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Our Theory

The primary theory behind our process is that earnings drive equity values over
time. Now this is certainly no revelation, yet it is amazing how the market appears to ignore this simple truth time and time again. A stock’s price path will follow its earnings path. If earnings rise, the price will rise. If earnings fall, the price will fall. The movement is not always of the same degree or magnitude, but within a certain range it will always hold true. Over short and intermediate time periods emotions will cause investors to bid a stock’s price well above or below where it should be. Eventually, however, the price will have to move towards its “normal” price as reflected by the earnings that materialize.

Purists will tell you that cash flow (or more precisely, free cash flow) is the true driver of equity values and they are correct, to a degree. The problem is that analysts don’t publish cash flow estimates – they publish earnings estimates! That is what most investors respond to, so that is what we focus on.

Recent history notwithstanding, the long-term average annual return of stocks has been historically around  10%. No one knows precisely what the return prospects will be for stocks going forward, but if we want to be competitive it makes sense to begin with stocks that have earnings growth prospects of at least 10% for as far as we can see. If stock valuations follow earnings then this at least gives us a chance to grow at the historic market rate of 10%.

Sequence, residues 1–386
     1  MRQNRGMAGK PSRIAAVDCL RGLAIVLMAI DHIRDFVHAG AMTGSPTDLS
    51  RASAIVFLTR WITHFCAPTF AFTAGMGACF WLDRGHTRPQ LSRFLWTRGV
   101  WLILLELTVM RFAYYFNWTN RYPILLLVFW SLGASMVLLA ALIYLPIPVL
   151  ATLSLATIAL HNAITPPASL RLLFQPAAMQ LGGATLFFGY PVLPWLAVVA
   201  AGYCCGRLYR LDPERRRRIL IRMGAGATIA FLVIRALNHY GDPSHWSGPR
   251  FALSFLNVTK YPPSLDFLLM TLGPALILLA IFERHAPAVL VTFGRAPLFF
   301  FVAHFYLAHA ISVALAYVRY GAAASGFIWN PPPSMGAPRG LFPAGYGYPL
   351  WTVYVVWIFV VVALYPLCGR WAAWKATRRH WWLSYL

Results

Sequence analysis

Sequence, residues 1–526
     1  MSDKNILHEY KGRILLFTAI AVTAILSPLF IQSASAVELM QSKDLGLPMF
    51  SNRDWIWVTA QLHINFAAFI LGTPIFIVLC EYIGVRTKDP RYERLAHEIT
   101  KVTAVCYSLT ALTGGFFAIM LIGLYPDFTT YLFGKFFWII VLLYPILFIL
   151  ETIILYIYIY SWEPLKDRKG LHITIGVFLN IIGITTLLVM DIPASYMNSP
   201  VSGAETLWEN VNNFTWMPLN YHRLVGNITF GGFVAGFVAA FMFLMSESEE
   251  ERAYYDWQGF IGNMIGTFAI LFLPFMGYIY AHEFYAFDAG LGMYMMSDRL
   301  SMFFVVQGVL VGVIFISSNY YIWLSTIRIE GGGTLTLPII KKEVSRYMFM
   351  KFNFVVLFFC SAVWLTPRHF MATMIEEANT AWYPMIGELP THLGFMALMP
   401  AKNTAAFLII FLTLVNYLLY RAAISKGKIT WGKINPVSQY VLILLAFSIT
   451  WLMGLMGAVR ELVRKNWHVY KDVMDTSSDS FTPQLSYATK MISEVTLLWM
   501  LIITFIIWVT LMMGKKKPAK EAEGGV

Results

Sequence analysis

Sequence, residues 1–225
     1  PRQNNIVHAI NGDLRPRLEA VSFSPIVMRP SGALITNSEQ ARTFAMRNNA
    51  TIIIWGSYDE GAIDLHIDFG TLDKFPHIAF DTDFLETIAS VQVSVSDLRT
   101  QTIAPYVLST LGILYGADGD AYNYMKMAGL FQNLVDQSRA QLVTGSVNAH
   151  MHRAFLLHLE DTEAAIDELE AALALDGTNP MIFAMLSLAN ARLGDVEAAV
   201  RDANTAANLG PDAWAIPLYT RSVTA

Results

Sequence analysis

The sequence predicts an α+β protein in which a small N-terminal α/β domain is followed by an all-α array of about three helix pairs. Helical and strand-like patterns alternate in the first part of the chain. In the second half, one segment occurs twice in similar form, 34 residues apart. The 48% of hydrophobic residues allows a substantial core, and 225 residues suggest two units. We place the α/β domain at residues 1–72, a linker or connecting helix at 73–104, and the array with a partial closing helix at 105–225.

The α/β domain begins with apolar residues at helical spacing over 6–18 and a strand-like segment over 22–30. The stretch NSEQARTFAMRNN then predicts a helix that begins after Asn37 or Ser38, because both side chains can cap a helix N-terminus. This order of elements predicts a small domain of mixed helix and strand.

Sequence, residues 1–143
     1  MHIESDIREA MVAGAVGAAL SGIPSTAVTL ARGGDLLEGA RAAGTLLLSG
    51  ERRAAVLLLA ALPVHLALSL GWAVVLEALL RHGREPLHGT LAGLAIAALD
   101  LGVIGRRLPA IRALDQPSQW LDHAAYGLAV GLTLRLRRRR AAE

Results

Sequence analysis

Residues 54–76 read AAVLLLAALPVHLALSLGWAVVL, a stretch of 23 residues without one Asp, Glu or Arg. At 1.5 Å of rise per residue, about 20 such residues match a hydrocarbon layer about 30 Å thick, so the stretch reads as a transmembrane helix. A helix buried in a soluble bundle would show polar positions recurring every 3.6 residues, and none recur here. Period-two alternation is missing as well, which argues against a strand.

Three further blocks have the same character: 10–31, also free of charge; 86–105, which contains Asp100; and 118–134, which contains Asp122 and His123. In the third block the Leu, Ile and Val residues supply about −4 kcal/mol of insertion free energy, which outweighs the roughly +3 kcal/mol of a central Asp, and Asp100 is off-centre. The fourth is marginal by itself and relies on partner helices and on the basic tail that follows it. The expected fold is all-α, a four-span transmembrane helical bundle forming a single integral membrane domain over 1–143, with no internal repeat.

When it comes to earnings growth, some stocks are hares and some are tortoises. Hare stocks experience fast spurts of earnings growth, but the growth is erratic and unpredictable. Tortoise stocks have a history of cranking out steadily advancing and reliable earnings growth year in and year out. So we ask you, if a stock’s price is determined by its earnings and you are attempting to predict its future price, which type of stock’s price would you be more likely to predict accurately – a hare stock or a tortoise stock? The answer should be obvious. Short-term traders focus on hares because the volatile movement of their prices allows more opportunity for short-term trading profits, assuming they can accurately predict when the hare will be sprinting or when it will be taking a nap under the tree! Our focus is long term so we prefer to stay away from the hare’s drama and ride the steadily advancing tortoise – but not just any tortoise. We want a “fast” tortoise.

As stated in the opening, “slow” didn’t win the race and 10% or more annual earnings growth rate is certainly not slow. Yet, there are some companies that fairly steadily produce just that and more year after year. These are the stocks we seek to find. Combining them in properly structured portfolios allows us to achieve returns comparable to or superior to the stock market as a whole, but with less volatility along the way.

 

Copyright 2004-2014 Thomas Smith and Associates except where noted.
THOMAS SMITH AND ASSOCIATS, INC. IS A REGISTERED INVESTMENT ADVISER. INFORMATION PRESENTED IS FOR EDUCATONAL PURPOSES ONLY AND DOES NOT INTEND TO MAKE AN OFFER OR SOLICITATION FOR THE SALE OR PURCHASE OF ANY SPECIFIC SECURITIES, INVESTMENTS, OR INVESTMENT STRATEGIES. INVESTMENTS INVOLVE RISK AND UNLESS OTHERWISE STATED, ARE NOT GUARANTEED. BE SURE TO FIRST CONSULT WITH A QUALIFIED FINANCIAL ADVISER AND/OR TAX PROFESSIONAL BEFORE IMPLEMENTING ANY STRATEGY DISCUSSED HEREIN.